None of them can truly account for or predict that undefinable moment when a creative act changes or defines a brand, its position in the market and its true value to its consumers. Think different (to borrow a phrase from a brand that did - and still does).

Article: Creative Commons License 2009 Gavin Barrett
This work is licensed under a Creative Commons Attribution-Noncommercial 2.5 Canada License.

Portrait of Lord Leverhulme by Augustus John, via link to Liverpool Museums website
Strategy = I think.
Tactics = I do.

Strategy = Analysis, planning, ideation.
Tactics = Mechanisms, activities, deployment.

Strategy - tactics = Einstein's brain in a jar.
Tactics - strategy = Einstein without a brain at all.

Strategy + tactics = e = mc(squared)

Article: Creative Commons License 2008 Gavin Barrett
This work is licensed under a Creative Commons Attribution-Noncommercial 2.5 Canada License.
Over on LinkedIn, a fellow member posted this question, and the answer I sent in might be pertinent to followers of this blog.

His question on Multicultural Agencies:
Does anyone have any experience working with (as a client) full service multicultural advertising agencies? What was your over-all experience? What were they good at? What were they not so good at? Any thoughts about how the over-all experience of engaging a multicultural agency could have been better?

My answer:
I am a principal/Creative Director at a very successful multicultural agency in Canada - one that is also a mainstream agency. Naturally I approach your questions with a somewhat different lens.

The development of multicultural work is fraught with difficulties.

I find too many multicultural agencies don't dive deep enough into the traditional rigour of good advertising and marketing practice to create insight-based work that is persuasive, engaging and relevant. The result, often, is work that is only one level above mere translation - with just a glimmer or two of culture sensitivity to justify its existence.

At the same time I can't exactly blame the agencies - clients too often want one-off ads - a token nod at the need to have something running in the multicultural market so that they are not conspicuous by their absence.

Operationally, clients frequently assign junior marketing staff to handle multicultural marketing functions independently without the guidance and steadying experience of senior marketers. Imagine how frustrating this can be.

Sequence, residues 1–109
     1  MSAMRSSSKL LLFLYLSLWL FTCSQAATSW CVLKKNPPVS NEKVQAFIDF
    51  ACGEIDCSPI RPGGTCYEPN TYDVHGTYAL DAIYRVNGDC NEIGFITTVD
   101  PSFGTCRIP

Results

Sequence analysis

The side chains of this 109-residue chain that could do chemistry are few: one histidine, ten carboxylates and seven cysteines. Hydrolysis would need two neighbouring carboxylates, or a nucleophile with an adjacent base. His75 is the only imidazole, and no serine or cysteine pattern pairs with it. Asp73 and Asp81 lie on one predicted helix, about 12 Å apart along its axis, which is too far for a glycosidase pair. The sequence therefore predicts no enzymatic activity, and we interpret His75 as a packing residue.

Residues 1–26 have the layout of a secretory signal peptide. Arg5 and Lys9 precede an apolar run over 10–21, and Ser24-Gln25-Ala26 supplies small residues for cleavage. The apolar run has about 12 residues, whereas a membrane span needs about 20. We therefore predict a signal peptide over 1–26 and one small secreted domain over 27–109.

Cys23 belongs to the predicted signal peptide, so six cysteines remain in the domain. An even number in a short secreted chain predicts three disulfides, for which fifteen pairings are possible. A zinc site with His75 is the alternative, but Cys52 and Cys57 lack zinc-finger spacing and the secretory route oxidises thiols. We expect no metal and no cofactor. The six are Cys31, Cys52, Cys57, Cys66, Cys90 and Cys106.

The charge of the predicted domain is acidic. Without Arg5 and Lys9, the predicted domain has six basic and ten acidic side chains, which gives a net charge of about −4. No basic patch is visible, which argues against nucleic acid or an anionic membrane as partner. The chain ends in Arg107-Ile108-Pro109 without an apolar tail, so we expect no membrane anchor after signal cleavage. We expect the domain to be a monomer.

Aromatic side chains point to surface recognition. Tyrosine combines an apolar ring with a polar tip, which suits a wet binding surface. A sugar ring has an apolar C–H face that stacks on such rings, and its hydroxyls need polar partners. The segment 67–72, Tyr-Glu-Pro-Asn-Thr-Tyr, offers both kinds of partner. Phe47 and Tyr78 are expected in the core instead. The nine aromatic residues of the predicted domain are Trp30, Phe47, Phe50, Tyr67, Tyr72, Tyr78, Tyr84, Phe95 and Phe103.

One thing to be cautious of, is agencies that pretend to be more than they are. Hispanic agencies who swear that they can manage Asian American markets without an issue - or vice versa. Chinese market agencies who say they can handle South Asian markets - or vice versa. There are some that do, but these are few and far apart.

I would say to you that you should expect the same things from your multicultural agency as from your mainstream agency. Work of the highest strategic and creative quality for your market. People you can enjoy working with and can trust to deliver.

I would challenge you to provide the same things to your multicultural agency as you do your mainstream agency. Great, disciplined marketing briefs, the involvement and interest of senior marketing management, and the same respect for the process you give mainstream work.

Article: Creative Commons License 2008 Gavin Barrett
This work is licensed under a Creative Commons Attribution-Noncommercial 2.5 Canada License.

In the advertising and media section of today's New York Times, Stuart Elliot features Acela's brand new campaign. In the wake of Amtrak's high-profile celebrity endorsements from the likes of Barack Obama and Joe Biden, its high speed rail service, Acela, is stepping out smartly and reminding fliers and drivers of the creature comforts afforded by rail travel.

The commercial, by Arnold DC is slick; high production values are evident throughout. Though mass transit needs all the help it can get in gas-loving North America and while I'll put my money behind the morality of the common good any day, I have to be honest: good solid marketing? Yes. Mind-blowing creative? Nope. Pull down your skirt Arnold. Your briefs are showing.

Image from Amtrak's Acela campaign produced by Arnold DC, via the advertising and media section of the New York Times.
Article and blog, copyright Gavin Barrett 2009